By Nidhi Batra, PRIA
Urban poverty is an issue which is so complex and intimidating that the government, social activist and even the community themselves are unable to address it in totality. However, it is important to continue to take small steps towards an equity based development of our urban towns and cities and responsibility lies on all of us for the same. PRIA and SPARC, through its project of ‘Strengthening Civil Society Voices on Urban Poverty’ are continuing to take small steps in this direction.
A three pronged tool for strengthening the voice of those impoverished in the urban milieu has been initiated, with an overall aim and goal that community themselves are the real stakeholders and can bring about the requisite change and development.
In Rajasthan, Chhattisgarh and Bihar – PRIA with its partners began by preparing an information base of existing slums, the situations therein, relevant government schemes and policies addressing urban poverty and also gathered information on participation levels of community in these slums. This was the first step towards a scenario building. This has been followed by a community empowerment exercise of providing the information gathered through this process back to the community.
The second step is to give the power of ‘knowledge’ to the community. Slum improvement committees or community leaders are being organised in various slum communities. These committees are empowered with relevant knowledge about the most pressing issue for that particular slum, and methods of how the community themselves can initiate a movement to resolve those issues. This committee act as an interface for the community and governing bodies.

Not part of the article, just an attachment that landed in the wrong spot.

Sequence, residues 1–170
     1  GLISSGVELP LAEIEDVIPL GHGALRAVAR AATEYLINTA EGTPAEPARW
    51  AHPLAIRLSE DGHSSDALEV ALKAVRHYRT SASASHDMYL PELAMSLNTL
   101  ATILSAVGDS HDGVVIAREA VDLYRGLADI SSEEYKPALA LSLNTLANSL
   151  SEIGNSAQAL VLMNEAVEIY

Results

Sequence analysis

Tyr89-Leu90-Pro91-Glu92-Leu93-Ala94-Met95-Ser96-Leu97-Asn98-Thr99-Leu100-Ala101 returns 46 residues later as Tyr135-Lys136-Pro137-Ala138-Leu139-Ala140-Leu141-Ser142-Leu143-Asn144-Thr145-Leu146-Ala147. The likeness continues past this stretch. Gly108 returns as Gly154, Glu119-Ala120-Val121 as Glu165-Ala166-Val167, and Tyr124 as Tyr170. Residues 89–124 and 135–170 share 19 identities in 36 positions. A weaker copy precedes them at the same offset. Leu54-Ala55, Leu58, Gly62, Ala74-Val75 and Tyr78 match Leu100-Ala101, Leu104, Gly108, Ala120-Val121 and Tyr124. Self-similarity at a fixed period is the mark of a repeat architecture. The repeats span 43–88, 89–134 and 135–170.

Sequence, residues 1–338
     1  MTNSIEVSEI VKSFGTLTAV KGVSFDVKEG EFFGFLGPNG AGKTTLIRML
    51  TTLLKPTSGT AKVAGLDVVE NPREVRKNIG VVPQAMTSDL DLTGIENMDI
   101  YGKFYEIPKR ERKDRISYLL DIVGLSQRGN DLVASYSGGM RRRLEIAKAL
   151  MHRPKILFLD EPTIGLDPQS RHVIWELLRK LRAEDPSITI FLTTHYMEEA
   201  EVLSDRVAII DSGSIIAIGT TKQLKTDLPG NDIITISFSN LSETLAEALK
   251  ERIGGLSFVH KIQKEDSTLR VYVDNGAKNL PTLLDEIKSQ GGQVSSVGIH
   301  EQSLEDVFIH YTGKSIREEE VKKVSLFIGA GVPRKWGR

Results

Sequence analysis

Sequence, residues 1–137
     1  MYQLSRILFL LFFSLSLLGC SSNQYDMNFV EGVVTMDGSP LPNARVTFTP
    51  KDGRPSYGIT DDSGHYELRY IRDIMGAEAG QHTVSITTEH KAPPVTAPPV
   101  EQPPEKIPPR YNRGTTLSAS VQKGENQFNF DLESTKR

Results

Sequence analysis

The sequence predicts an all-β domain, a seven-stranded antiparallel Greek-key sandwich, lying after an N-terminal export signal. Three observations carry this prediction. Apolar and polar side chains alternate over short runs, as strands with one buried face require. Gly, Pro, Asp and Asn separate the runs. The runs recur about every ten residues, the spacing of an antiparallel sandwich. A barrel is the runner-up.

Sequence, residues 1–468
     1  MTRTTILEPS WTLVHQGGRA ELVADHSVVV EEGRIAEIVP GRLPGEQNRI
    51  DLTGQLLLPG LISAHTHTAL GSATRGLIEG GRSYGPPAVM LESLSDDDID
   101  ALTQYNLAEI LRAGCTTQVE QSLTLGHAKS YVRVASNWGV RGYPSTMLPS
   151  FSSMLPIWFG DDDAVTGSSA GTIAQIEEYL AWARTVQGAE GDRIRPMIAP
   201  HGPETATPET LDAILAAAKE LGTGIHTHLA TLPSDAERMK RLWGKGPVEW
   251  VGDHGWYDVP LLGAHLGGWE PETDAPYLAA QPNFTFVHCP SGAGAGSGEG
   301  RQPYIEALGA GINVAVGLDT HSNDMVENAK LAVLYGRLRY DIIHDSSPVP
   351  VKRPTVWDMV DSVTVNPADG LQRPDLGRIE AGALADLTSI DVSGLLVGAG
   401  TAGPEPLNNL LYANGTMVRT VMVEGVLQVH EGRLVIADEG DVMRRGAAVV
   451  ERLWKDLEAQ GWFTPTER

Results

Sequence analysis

The third step is to encourage dialogues between various slum committees and the elected representatives and all other stakeholders. These dialogues are one of a kind, since in most urban local bodies – there isn’t a mechanism where the poor can come together and discuss their issues out in the open with the decision makers. Lots of poverty alleviation schemes such as RAY speak of community participation, but all failed to formulate a tangible system for the same. Unfortunately the whole mechanism of decentralisation and mechanism of ward committees and area sabhas are also not active.
Of course, the biggest challenge for any social organisation – is to organise the community and it is even more challenging in an urban context. Urban situations wherein the value of time is seen in monetary terms, a context wherein men might be away for work or too drunk or wasted to participate, in situations where crime and politics might play together, also a situation wherein the vulnerability level is very high and fake promises should never be given – it is interestingly being realised that the sword of an equitable development lies mostly in hands of women!